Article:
The market can get a race wrong here and there but overall its going to be close to right. You should be able to take advantage of that information. You only need a small edge to exploit when it gets it wrong. Lets look at Barriers for an example. A horse which is in barrier 10 is going to be more disadvantaged then a horse in barrier 3. The market puts this in the price with horses in bad barriers generally being priced slightly higher then if they had been drawn closer in. But barrier 10 may or may not be a disadvantage. If the horse is one which likes to lead and their is speed on the inside of it then it is going to burn a lot of energy trying to cross the field. But if it generally slots in midfield or towards the back and runs on then the barrier isn't a problem unless the jockey tries to push it up and gets caught 3 wide.


Quote:
Given that the market consistently produces favourites at 30% win strike rate I've no doubt that there are other such consistencies. As it's impossible for there to be the perfect market where each horses odds exactly represent their chance of winning, then there's an edge in every race. The trick is to find these edges that repeat over time for a profitable result.


Exactly. There is too much randomness in a race for it to be perfectly priced. Jockeys make decisions which can impact the race, the bias of the track could impact the race, or even a duck running across a dog track can cause a random result (happened a few weeks ago).

Quote:
Some areas that could be considered are; "Pulled hard mid race", in the case of younger horses this may be fixable by the trainer before it's next start. Punters seem to avoid horses with this form and the result may be that over the long term they're over the odds. Gear changes could give you an edge, again maybe looking at younger horses, look at the gear change and follow up what the trainer does in the ensuing weeks. Breeding (I'm jealous of those who are experts in this field). Certain International horses having their second preparation or who have aclimatised. Trainers who part own a horse know the horses ability, can set the horse and get it fit without it necessarily showing up in the form guide.


All areas worth investigating.

Quote:
Then there's form that "on the surface" gives this horse little chance of winning this particular race, but unbeknowns to most punters, over a long period of time shows a profit. Experts at breeding would snag a winner or two where it's just not obvious to the rest of us.


All horses have a chance even those $100 chances. Its possible they just clicked on the day or the jockey made all the right choices.

Quote:
There's got to be humungous areas where there are edges and my belief is that you've got to be an expert in one of these areas, understand WHY the edge exists, and WHY you can continually profit from it. Unless you can answer these questions you may think you've found and edge, but I reckon it wouldn't be sustainable. It would turn against you.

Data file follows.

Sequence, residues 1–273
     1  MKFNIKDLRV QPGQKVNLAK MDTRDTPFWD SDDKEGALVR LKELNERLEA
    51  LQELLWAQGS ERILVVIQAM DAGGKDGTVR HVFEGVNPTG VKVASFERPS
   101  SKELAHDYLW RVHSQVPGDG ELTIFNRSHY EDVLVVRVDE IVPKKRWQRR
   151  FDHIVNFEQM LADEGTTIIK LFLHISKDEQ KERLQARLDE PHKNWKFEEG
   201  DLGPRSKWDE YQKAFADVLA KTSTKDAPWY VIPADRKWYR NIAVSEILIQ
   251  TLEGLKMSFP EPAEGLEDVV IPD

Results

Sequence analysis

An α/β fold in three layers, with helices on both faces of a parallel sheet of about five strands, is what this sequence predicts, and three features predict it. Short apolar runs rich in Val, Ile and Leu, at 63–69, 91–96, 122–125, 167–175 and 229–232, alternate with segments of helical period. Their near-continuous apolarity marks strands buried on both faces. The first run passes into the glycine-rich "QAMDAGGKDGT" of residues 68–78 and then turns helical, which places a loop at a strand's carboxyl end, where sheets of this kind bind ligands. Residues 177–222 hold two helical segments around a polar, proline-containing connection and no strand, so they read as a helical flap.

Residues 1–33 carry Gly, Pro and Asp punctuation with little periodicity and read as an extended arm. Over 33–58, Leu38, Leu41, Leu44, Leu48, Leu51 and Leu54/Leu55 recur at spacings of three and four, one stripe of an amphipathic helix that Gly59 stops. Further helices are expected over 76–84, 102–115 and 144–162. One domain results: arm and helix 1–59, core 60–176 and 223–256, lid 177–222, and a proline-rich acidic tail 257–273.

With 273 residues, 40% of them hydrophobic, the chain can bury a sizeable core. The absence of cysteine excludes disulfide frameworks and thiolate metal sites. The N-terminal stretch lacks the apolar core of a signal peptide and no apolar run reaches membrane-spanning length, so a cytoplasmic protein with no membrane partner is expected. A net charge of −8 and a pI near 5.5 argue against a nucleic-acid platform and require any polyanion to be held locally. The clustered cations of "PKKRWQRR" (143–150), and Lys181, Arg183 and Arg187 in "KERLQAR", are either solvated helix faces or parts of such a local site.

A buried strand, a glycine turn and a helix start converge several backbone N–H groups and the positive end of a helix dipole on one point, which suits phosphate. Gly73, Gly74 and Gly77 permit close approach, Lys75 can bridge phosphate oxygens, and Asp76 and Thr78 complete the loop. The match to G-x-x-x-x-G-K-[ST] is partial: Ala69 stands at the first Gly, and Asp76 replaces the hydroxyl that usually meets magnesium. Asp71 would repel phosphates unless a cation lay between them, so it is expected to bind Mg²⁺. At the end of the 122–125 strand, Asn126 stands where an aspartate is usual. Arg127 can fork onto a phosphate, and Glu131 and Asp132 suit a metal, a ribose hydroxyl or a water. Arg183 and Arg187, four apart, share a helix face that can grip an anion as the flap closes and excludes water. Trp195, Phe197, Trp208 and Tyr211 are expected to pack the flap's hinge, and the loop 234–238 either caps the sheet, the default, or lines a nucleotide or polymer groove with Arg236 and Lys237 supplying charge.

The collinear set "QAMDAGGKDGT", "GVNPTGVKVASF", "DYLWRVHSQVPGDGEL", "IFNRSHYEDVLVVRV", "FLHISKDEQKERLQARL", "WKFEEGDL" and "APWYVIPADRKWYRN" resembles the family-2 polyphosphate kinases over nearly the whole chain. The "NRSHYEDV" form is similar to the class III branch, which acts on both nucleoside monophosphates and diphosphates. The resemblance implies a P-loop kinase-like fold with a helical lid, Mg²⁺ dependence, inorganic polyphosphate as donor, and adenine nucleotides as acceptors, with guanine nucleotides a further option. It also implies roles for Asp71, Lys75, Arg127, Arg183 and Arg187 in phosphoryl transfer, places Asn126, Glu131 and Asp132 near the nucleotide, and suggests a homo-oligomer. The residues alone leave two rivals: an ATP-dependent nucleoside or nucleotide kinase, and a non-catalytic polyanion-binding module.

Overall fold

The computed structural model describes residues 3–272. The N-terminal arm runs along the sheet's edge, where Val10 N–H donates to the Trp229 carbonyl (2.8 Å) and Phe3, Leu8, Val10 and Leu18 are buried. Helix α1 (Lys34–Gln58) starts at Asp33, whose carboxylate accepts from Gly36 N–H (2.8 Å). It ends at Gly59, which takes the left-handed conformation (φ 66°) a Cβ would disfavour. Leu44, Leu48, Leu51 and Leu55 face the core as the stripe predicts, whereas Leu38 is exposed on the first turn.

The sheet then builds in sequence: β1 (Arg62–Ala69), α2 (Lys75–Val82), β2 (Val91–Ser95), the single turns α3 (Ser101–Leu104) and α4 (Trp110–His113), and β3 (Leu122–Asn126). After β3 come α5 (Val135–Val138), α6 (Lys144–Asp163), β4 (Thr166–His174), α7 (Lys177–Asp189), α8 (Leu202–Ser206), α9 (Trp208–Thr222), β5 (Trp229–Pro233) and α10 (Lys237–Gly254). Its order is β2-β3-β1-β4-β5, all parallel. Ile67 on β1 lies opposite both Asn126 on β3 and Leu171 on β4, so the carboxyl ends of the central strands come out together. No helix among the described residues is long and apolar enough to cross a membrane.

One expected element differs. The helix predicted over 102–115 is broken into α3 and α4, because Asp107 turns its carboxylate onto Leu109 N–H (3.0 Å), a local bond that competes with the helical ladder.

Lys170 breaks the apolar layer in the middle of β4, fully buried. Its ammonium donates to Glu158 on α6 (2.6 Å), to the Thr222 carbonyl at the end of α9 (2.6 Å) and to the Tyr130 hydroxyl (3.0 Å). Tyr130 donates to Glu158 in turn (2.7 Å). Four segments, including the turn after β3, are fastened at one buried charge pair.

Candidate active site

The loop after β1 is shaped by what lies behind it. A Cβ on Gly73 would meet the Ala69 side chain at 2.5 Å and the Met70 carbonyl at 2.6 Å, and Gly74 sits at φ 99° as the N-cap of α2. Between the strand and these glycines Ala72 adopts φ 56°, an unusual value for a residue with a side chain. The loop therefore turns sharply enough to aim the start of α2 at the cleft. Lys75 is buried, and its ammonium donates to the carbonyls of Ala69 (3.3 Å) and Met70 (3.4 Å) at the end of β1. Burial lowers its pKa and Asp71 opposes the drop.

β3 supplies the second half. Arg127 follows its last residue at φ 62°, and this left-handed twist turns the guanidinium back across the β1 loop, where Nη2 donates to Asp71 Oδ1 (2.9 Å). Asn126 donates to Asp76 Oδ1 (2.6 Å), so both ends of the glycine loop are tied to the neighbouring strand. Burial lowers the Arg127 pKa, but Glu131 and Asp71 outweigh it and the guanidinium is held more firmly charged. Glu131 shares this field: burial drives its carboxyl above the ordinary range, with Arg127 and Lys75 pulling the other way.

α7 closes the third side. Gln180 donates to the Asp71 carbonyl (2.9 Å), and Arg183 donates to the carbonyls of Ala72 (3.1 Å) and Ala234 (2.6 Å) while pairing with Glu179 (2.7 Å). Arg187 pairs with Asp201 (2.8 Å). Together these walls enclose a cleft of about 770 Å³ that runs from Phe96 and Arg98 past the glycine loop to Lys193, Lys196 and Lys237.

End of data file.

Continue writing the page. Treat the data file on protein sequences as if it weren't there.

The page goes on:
Yep 100% correct in my opinion. WHY is extremely important.


Quote:
I agree with other comments about targeting the more profitable areas of a system. If you've got a profitable system where most of your profits come from say a third of your selections, then during an inevitable downturn in the profitability or even small losses, it's more than likely that those losses will come from the "fringe" of your system, that is the other 67%.

So, why not ditch the 67% and bet more on the third that provides the most profit? Seems logical to me.


If only it was that simple. Sometimes it is easy to identify what you need to add as an extra filter to a system, but sometimes its just impossible to track down that extra feature to eliminate the 67%.


Great post Snert ... hope some of my responses help. Most were generic (sorry) but punting for a profit is extremely hard until its not anymore. I can't explain how to make money on the punt except to say time teaches you what works and what doesn't.
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  #4  
Old 4th December 2017, 02:02 PM
Snert Snert is offline
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Can the market ever catch up to you and render what youíre doing as useless? If you do believe the market can catch up, as I do, then you either never had an edge or you werenít in a position to see the changes nor nimble enough to do anything about it.

I take my hat off to anyone who can see the nuances of the market changing and adapt and keep ahead of the game. I cannot do that, nor would it fit my psyche. I strongly believe once youíve found an edge itís too late. My strategy, as simple as it is, is that it has to be proven over decades and survived all the changes to racing and betting that have occurred over that period of time. My opinion only, maybe because of my strong belief on how the market is influenced and reacts to these influences.